Mozambique, with Neco Novellas

by stevenkamperman on 25/06/2013

NecoTelevisionI must admit I turn a little bit nervous suddenly: one day before Neco Novellas and me are supposed to leave for Mozambique, we finally get the approval of the Dutch Fund of Performing Arts that we can go because they will pay the tickets. But we did not yet complete anything in terms of tickets and in my case: vaccinations….


When we buy the tickets, it turns out that the best flight for us is going through Kenia. But in Kenia there is yellow fever. And for that reason Mozambique officially demands that you have a yellow fever vaccination, even if you only pass through transit in such a country. So I go through quite some hassle to get my injection just before leaving. But offcourse absolutely no one at the Mozambique border even asks for it.

And then when we really arrive in Maputo, what Neco says all the time turns out true: it is winter, so there are hardly no mosqituos. And somebody else tells me that anyway malaria in the city itself is extremely rare. So maybe I could have done without the expensive malaria pills as well…

We have a nice two room apartment in the beautiful old center where we are supposed to play our concert at the festival: the Centro Cultural Franco-Mozambicano. A nice complex, designed by the French company of Eiffel, recognizeable by some beautiful metal constructions. The only place for artistic music and dance in Maputo, surviving on a budget provided by the French government. Donc merci La France, dankjewel Nederlands Fonds Podiumkunsten!!!

On the afternoon of arriving, we are supposed to appear on a press conference. Though I am sitting at the table, I understand nothing of the conversation, since everything is in Portugese. But little by little I start to see that Neco still is very well known in Mozambique, even though he left the country some eighteen years ago and did not play here afterwards. People stop him in the street to tell him how much they love his songs. Next day we start with a live appearance on the television, as a duo. Everybody wants a photo with him, funny. Neco explains me later that when he was still living here, 20 years ago, he won a singer competiton on television. And consequently he had four huge hits, of which we play one on the television show (I knew of nothing!).

The rest of the day we rehearse with the local musicians that are going to form the band. Really nice musicians; there is a lot of talent in Maputo with a lot of energy in their playing and in maintaining the exhausting quantity of about 5 gigs a week (!!!!).

Next day, on the day of the festival, I see some really surprising acts, such as some jugglers, who play percussion with their juggling balls. Quite impressive! The hall is packed for our concert, some 500 people, of which quite many of them can still sing the lyrics of one of Neco’s hits. Which offcourse we play.



Though it is nice during the day and there is a beautiful sun, many Mocambiqeans consider it quite cold and stay inside. Whereas in summer the streets are packed and the traffic is quite unpenetratable, now there are little trafiic jams and you can see where you walk. Which is no excessive luxury, because every 20 meters there is either a very bad pavement, a pile of dirt or some big hole in the street where you can easily step into and more or less disappear. A typical case of TIA – a new expression I learn – ‘This Is Africa; don’t wonder’. While walking in the streets the next thing that strikes is that there is a serious garbage problem here. Everywhere there are piles, and it amazes me that I did not yet see any rats on them. Basic problems that should be resolved immediately, but just keeps being unsolved.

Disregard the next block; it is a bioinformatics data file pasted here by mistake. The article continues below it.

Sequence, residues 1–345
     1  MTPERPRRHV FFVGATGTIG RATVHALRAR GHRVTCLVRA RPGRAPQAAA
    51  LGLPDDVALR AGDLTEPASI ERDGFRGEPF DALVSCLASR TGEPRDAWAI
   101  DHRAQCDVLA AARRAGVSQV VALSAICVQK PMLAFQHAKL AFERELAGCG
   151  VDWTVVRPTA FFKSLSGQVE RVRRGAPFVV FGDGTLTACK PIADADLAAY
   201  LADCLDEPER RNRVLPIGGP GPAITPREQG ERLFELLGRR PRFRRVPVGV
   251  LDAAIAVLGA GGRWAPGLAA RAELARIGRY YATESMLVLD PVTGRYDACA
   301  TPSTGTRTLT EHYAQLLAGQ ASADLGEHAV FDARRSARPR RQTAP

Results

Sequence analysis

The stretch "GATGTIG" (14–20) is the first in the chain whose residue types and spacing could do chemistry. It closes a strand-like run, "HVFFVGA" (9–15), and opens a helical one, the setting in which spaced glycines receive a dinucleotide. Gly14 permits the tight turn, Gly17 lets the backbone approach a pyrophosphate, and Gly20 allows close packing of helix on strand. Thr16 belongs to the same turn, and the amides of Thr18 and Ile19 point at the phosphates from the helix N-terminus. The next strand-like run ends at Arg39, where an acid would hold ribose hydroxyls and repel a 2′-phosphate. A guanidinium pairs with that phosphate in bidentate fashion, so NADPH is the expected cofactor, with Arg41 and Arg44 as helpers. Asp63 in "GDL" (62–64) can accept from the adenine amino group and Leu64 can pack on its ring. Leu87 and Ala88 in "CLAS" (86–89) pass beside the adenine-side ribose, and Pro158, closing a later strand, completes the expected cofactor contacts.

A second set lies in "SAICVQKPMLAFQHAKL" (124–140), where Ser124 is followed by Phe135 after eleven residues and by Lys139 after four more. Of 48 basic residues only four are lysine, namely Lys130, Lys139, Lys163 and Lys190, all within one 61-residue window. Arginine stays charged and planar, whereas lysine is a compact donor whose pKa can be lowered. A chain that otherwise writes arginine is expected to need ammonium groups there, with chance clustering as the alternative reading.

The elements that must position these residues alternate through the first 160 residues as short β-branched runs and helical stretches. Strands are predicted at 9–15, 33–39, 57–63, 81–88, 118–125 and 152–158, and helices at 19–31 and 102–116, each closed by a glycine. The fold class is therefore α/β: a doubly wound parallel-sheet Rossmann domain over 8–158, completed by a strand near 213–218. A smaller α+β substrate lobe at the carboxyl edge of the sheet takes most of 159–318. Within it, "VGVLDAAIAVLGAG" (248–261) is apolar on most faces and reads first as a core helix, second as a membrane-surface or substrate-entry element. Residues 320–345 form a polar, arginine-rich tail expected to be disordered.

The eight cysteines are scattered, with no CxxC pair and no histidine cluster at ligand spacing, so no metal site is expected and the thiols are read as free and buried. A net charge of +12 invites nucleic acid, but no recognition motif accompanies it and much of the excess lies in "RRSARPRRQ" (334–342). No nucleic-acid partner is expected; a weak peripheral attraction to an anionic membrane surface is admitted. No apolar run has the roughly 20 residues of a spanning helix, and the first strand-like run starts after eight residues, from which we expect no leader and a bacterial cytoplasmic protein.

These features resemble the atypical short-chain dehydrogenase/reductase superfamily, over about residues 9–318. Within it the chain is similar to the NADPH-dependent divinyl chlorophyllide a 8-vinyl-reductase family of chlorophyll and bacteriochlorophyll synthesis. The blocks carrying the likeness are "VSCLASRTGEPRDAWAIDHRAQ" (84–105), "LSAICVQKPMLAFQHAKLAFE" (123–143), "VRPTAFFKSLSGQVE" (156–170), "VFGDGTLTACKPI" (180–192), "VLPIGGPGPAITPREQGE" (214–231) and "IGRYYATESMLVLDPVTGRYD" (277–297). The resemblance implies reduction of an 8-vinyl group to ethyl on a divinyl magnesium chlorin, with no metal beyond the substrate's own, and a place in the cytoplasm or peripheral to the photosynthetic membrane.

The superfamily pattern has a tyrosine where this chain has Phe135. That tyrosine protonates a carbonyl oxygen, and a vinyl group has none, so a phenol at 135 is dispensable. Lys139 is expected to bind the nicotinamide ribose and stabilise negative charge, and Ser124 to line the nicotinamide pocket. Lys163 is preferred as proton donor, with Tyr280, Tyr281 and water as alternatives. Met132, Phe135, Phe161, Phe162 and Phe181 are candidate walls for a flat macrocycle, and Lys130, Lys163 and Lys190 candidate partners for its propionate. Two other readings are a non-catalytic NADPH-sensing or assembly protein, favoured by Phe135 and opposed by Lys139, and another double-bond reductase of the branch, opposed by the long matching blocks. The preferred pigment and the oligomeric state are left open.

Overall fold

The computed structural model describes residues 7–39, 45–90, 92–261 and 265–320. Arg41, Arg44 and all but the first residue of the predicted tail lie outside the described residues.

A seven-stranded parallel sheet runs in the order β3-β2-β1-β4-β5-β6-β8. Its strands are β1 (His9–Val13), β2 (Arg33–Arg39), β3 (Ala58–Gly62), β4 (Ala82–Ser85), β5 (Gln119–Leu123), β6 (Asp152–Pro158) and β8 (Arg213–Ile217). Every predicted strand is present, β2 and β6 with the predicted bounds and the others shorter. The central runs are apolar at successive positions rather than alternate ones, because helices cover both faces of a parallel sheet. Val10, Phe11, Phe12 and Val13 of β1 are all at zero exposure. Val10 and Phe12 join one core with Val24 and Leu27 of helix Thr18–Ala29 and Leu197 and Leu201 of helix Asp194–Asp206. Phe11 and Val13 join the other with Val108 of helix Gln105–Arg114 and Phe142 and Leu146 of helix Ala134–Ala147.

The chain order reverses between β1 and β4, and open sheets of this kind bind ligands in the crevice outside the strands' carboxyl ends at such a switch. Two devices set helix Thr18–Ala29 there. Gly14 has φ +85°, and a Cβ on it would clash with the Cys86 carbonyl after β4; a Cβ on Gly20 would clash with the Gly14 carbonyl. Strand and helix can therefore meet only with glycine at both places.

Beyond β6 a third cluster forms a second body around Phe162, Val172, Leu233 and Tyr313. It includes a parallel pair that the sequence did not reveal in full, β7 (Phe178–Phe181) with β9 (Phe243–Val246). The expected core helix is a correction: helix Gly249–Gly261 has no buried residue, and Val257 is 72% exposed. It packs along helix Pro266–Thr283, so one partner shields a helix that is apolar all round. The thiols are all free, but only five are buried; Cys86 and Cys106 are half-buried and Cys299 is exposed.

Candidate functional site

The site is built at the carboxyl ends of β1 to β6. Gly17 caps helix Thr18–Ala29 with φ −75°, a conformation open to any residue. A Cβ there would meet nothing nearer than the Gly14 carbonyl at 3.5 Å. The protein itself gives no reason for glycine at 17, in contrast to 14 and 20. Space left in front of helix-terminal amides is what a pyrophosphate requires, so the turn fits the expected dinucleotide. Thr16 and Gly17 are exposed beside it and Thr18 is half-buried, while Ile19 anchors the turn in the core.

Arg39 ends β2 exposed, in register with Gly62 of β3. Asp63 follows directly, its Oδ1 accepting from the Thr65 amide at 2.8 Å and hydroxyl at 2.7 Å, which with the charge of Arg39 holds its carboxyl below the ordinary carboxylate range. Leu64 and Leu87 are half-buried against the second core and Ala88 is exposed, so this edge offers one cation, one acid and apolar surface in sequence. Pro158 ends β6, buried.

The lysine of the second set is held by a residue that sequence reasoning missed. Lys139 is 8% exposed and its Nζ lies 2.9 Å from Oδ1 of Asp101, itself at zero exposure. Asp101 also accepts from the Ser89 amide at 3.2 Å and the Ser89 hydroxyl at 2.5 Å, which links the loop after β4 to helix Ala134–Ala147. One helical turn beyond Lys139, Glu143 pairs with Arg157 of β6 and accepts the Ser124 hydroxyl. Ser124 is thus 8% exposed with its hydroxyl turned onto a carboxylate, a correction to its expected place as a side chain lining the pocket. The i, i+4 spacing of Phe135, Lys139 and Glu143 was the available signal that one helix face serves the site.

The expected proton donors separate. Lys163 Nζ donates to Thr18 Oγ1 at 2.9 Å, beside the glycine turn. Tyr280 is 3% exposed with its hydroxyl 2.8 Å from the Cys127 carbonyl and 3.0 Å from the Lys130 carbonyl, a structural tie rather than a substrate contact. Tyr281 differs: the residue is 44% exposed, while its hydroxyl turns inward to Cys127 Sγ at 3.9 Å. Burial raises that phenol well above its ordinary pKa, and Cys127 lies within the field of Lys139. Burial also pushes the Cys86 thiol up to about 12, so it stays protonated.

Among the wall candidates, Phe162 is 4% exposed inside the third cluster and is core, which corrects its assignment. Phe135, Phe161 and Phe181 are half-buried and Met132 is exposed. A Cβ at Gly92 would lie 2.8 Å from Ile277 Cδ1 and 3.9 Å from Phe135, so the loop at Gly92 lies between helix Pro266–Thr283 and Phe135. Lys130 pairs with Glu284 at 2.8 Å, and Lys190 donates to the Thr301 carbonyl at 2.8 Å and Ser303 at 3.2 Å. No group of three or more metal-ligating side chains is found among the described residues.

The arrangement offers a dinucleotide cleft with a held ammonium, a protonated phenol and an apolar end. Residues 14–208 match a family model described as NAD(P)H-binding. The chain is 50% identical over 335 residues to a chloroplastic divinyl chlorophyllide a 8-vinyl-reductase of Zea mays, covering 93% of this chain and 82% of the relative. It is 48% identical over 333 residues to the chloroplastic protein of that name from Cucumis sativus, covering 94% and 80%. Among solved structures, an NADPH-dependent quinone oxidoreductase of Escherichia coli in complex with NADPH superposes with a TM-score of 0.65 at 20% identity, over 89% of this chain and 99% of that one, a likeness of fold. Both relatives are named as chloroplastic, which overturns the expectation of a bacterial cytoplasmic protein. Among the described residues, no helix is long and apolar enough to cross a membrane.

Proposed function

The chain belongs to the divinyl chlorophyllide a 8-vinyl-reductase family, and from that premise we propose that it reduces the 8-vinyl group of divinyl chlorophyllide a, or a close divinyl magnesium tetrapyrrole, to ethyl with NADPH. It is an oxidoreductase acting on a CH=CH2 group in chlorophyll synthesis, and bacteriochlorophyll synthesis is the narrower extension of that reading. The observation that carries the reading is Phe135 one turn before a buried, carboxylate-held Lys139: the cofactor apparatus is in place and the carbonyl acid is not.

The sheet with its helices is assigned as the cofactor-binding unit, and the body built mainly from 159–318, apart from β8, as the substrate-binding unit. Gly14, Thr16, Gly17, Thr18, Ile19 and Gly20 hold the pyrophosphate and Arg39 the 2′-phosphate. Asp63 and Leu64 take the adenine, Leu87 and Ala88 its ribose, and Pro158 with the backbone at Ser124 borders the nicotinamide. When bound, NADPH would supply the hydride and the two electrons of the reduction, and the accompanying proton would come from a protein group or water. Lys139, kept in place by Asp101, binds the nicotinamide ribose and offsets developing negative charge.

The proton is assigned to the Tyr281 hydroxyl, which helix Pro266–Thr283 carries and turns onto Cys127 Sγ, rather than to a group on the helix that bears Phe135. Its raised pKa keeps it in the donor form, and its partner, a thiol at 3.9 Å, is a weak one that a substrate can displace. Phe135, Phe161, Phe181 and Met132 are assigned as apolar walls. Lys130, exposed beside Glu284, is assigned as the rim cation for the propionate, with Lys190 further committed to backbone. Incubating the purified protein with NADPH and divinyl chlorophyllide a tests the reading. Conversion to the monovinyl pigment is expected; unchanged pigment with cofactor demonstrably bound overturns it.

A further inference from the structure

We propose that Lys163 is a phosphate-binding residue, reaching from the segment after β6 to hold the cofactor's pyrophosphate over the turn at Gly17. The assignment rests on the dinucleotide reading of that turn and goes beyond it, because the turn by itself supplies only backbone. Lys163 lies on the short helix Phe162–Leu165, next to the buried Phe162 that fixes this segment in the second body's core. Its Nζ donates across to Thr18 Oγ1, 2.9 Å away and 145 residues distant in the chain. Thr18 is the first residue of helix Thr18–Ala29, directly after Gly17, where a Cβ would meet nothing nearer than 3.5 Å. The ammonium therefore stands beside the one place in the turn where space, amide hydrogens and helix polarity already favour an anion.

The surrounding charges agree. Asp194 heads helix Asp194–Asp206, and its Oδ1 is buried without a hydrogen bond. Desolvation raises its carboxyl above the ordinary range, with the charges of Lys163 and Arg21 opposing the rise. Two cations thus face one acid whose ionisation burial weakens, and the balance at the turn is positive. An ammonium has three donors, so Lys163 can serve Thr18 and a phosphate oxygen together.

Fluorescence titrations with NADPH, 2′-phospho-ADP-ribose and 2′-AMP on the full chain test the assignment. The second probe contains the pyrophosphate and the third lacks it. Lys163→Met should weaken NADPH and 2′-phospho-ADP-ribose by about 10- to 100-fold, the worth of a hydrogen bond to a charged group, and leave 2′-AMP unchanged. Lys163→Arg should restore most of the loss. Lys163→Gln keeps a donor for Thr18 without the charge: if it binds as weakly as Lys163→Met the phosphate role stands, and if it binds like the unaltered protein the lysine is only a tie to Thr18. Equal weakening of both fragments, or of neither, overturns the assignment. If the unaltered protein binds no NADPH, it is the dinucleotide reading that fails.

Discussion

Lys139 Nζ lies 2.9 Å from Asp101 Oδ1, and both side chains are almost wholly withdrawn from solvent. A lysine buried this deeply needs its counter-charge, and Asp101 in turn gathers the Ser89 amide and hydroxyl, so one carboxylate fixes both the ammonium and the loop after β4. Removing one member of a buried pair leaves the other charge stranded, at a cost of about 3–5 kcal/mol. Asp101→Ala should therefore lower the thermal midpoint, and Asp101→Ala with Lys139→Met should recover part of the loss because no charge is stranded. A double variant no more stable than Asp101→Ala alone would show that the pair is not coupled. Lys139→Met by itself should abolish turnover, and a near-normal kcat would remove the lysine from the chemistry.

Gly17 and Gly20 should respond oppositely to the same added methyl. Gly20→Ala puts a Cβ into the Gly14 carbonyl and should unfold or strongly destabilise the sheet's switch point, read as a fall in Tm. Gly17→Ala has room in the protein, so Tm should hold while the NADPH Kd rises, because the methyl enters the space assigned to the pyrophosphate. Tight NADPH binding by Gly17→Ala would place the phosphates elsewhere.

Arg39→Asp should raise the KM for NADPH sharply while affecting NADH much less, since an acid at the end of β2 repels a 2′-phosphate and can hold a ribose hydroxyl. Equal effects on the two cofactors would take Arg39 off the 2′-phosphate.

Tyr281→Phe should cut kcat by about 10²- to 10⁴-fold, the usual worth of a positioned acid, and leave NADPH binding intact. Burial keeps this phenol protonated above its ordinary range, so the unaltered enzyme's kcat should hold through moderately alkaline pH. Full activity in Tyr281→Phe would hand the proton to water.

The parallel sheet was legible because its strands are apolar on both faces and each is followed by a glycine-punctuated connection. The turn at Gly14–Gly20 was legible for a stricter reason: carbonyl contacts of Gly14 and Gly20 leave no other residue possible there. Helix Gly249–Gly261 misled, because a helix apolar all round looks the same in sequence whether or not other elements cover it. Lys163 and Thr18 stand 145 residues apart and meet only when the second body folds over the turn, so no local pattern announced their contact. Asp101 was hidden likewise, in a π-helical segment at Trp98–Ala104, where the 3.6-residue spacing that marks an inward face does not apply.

But thanks to a small political history lesson, I start to get a glimpse of the complexity of all the problems. After the civil war that ended some 20 years ago,  the situation is still quite unstable: even now the different parties still compete, and though the black socialist Mozambiquan government has been in charge ever since the end of the war, their power is still being challenged by the formers ‘white’ powers, who lost many posessions. Just recently there have been committed new political murders. Compare Dutch political problems to this, and you can only laugh stupidly.

Our second and third concert take place on the same night. First we play in a place called Mbuve. When I first see the stage and no lighting, I get a rather sad impression. But then they turn just one spotlight one, and the whole place starts to live. The concert is really nice, the band is interacting good, and we are really playing with the material. After the concert, some Portuguese girls just cannot stop saying ‘muito bonito, muito bonito’ to me, but because of my very bad Portuguese the conversation does not really come off… After the concert, Neco and I move quickly to the next stage, being the Africa Lounge club, a posh place on the beach with only four wheel drives on the parking place. There we perform a set within the concert of Mozambiquan celebrity Steward Sukuma. He has a cooking band, with kick ass musicians, and a great show going on. I enjoy our own performance a lot: both Neco and me are really loose, and it is like we are two puppets manipulated by the same player. This is a really promising start for our duo!

After these two shows, I am  really tired and luckily the next they we are off. After seeing some beautiful architecture in Maputo, our friends Bea and Roberto take us to eat delicious dishes at a beach club, seeing a perfect moon rise. They say the devil is in the details, I would say the heaven is in it.













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